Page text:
Northward Hill on the Isle of Grain is one of eight RSPB reserves along the North Kent Marshes. Overlooking the Thames Estuary, it is home to marsh harriers, 150 pairs of nesting heron and can attract up to 120 pairs of breeding waders.
As Harriet Smith discovered, the site is a perfect escape for birdwatching enthusiasts, but also a must visit for anyone just seeking a few hours of tranquility soaking up the seasonal wonders of nature.
September always feels more like the beginning of a new year to me than January, along with the pull of wanting to go on long walks in the countryside to witness the change in season from summer to autumn.
Taking advantage of the warm dry September days and to mark the end of the long summer holiday, I prised my daughter away from TikTok and ventured not too far to the RSPB Northward Hill Nature Reserve in Cliffe.
After a 10 minute drive from the middle of Medway, we found ourselves in what felt like the middle of nowhere. From the moment of stepping out the car we could feel the tranquillity of the area. Plus there was no need to worry about social distancing as there was only one other car in the carpark.
There are various walking routes to choose from but we preferred to simply wander. The clear pathway from the carpark to the marshes was in abundance with the biggest blackberries I had ever seen and couldn’t help but smile to think of the local wildlife feasting from these hedgerows.
Sweeney Viewpoint was the first location stop where we sat and looked through our amateur binoculars. We are no birdwatchers but could fully appreciate the landscape of marshes before us and across towards the Thames Estuary. Unfortunately the hides are currently closed due to Covid restrictions.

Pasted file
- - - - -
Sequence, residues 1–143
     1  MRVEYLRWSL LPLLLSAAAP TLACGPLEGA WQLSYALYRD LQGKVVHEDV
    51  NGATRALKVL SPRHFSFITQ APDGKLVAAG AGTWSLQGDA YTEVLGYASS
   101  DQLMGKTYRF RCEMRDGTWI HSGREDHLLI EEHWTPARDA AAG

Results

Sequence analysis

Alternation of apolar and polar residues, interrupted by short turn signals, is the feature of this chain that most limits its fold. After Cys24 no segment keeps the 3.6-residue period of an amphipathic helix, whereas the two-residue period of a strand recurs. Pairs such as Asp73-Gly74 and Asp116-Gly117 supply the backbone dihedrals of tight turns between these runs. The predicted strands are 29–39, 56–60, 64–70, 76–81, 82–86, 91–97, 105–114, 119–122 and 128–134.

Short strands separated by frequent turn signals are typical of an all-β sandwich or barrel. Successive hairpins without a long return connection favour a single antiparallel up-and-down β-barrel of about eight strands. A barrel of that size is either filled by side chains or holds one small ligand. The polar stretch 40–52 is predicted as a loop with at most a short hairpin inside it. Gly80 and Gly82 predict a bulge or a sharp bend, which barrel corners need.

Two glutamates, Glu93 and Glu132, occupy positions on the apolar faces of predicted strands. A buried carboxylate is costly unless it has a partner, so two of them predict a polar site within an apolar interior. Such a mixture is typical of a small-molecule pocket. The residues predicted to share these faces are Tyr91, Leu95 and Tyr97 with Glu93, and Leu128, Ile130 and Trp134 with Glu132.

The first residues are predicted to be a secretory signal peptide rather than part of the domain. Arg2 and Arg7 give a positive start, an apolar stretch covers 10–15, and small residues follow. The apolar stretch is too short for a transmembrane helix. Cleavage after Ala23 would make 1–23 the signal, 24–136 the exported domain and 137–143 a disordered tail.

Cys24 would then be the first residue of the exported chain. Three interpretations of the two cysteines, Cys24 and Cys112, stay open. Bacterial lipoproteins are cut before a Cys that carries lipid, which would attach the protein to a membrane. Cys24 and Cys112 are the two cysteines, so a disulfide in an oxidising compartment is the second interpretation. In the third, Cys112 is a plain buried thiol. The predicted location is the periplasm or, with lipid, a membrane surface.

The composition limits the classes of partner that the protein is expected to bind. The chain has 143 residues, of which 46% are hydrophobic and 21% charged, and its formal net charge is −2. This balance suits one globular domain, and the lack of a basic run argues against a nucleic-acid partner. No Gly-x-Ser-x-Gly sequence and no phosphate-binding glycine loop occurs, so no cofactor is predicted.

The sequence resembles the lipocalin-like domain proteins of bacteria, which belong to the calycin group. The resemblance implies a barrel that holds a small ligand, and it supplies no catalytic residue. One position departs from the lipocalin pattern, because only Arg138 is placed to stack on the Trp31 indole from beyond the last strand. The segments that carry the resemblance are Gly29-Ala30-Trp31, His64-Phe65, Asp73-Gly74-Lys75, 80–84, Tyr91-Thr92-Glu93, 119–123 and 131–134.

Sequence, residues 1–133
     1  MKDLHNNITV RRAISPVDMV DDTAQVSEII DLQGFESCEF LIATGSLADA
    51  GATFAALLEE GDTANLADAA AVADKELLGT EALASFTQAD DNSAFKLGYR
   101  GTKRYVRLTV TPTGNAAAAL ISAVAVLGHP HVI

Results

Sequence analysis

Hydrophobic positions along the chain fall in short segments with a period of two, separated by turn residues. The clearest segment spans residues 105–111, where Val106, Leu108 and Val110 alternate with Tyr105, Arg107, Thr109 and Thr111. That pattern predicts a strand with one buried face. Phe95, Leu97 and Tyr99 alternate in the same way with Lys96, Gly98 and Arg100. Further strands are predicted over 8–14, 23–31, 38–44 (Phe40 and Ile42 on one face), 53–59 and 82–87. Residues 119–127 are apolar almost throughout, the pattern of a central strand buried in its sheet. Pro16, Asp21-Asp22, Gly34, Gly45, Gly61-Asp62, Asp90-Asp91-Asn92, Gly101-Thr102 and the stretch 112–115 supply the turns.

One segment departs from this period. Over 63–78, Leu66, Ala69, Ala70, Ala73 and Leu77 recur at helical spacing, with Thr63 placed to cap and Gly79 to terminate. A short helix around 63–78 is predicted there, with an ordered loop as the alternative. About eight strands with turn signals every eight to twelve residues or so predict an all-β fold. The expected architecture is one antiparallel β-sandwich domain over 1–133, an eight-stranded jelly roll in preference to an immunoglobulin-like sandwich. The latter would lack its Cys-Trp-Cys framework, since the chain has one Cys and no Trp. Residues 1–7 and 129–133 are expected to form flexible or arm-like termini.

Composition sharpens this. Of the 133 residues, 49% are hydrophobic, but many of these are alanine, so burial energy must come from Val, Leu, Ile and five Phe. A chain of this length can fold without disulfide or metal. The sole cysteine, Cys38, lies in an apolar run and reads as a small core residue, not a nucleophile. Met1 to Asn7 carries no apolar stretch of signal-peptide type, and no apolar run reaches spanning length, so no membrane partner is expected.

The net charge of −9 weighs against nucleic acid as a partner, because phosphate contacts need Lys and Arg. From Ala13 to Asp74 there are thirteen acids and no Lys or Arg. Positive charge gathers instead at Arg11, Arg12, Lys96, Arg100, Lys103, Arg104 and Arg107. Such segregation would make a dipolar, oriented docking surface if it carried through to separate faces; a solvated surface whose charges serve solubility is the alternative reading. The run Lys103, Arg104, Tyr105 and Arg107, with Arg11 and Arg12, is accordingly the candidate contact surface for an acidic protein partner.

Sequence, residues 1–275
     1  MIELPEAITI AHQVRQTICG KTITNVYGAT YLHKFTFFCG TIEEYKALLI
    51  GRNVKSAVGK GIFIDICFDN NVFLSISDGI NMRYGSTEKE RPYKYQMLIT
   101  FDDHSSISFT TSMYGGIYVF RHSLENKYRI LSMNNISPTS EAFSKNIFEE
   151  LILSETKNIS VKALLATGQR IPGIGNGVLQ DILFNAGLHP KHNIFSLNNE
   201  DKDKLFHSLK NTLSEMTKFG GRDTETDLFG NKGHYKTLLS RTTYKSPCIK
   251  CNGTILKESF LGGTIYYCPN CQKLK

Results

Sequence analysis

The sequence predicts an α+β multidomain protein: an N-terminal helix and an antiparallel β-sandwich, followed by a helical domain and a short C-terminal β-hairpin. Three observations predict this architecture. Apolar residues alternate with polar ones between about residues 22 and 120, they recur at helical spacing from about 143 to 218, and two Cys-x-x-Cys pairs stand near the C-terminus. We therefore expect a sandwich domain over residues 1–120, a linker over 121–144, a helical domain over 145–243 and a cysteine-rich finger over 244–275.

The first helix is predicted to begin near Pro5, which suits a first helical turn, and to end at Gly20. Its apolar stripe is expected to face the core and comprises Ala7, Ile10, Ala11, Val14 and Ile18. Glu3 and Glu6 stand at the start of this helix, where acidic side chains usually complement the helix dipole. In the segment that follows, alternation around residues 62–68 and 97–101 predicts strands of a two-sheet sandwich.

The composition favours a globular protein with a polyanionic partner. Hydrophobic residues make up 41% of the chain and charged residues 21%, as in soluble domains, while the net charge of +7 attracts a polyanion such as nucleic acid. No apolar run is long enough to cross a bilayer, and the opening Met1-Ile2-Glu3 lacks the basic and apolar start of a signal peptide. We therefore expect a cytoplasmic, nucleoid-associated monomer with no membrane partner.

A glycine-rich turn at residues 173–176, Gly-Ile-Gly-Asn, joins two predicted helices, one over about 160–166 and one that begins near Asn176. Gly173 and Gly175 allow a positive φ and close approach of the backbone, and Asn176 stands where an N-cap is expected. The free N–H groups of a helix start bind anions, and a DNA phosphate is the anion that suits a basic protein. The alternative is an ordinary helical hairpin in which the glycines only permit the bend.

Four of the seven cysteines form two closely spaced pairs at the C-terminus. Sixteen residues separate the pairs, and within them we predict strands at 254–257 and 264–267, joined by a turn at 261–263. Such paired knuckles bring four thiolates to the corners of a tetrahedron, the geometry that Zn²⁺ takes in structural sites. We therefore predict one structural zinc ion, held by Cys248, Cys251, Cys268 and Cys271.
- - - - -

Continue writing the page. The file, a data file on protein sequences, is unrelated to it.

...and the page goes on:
Being a working farm, we walked past the cows and sheep, and the biggest pile of dung I had ever seen, much to the amusement of my 11 year old daughter. We were on the lookout for herons but instead came across the most beautiful display of dragonflies.
Whether you’re a birdwatcher or just looking for a few hours' peace away from the madding crowd, I can recommend the reserve and imagine that each season will bring its own magic.
Spring: Herons and egrets nest in woodland. Nightingales return and sing in dense undergrowth. Carpets of bluebells form mid-April-May and whitethroats sing from the scrub. Avocets nest on reservoir islands.
Summer: Hobbies hunt dragonflies over the marsh, while marsh Harriers quarter the reedbeds. You could see the rare white-letter hairstreak butterfly in the woodland, or turtle doves on overhead wires.
Autumn: Swallows gather around farm buildings. Noisy jays in wood gathering acorns. Dragonflies fly over reserve in late summer. Migrating waders such as spotted redshanks and green sandpipers may be seen on the reservoirs.
Winter: Large numbers wildfowl gather on marshland floods. Wintering thrushes, finches and buntings gather in scrub. Redwings and fieldfares can be seen in the orchards below wood. 4,000-rooks look spectacular as they prepare to roost in wood.